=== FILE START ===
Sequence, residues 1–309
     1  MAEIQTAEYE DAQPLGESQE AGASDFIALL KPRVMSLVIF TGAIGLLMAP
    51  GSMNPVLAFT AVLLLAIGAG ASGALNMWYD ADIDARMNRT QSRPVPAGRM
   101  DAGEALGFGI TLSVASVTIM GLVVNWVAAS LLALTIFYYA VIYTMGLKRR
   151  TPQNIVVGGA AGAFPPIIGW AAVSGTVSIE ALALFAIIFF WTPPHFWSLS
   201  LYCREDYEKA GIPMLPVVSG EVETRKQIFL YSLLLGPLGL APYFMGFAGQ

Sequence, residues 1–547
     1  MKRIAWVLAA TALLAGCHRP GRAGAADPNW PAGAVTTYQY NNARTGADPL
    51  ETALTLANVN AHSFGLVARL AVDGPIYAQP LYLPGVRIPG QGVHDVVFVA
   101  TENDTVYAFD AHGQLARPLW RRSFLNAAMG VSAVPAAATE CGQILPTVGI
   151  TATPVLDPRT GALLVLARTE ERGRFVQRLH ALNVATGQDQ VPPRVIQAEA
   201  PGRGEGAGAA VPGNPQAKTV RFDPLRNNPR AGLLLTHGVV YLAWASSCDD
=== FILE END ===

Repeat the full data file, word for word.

Sequence, residues 1–309
     1  MAEIQTAEYE DAQPLGESQE AGASDFIALL KPRVMSLVIF TGAIGLLMAP
    51  GSMNPVLAFT AVLLLAIGAG ASGALNMWYD ADIDARMNRT QSRPVPAGRM
   101  DAGEALGFGI TLSVASVTIM GLVVNWVAAS LLALTIFYYA VIYTMGLKRR
   151  TPQNIVVGGA AGAFPPIIGW AAVSGTVSIE ALALFAIIFF WTPPHFWSLS
   201  LYCREDYEKA GIPMLPVVSG EVETRKQIFL YSLLLGPLGL APYFMGFAGQ

Sequence, residues 1–547
     1  MKRIAWVLAA TALLAGCHRP GRAGAADPNW PAGAVTTYQY NNARTGADPL
    51  ETALTLANVN AHSFGLVARL AVDGPIYAQP LYLPGVRIPG QGVHDVVFVA
   101  TENDTVYAFD AHGQLARPLW RRSFLNAAMG VSAVPAAATE CGQILPTVGI
   151  TATPVLDPRT GALLVLARTE ERGRFVQRLH ALNVATGQDQ VPPRVIQAEA
   201  PGRGEGAGAA VPGNPQAKTV RFDPLRNNPR AGLLLTHGVV YLAWASSCDD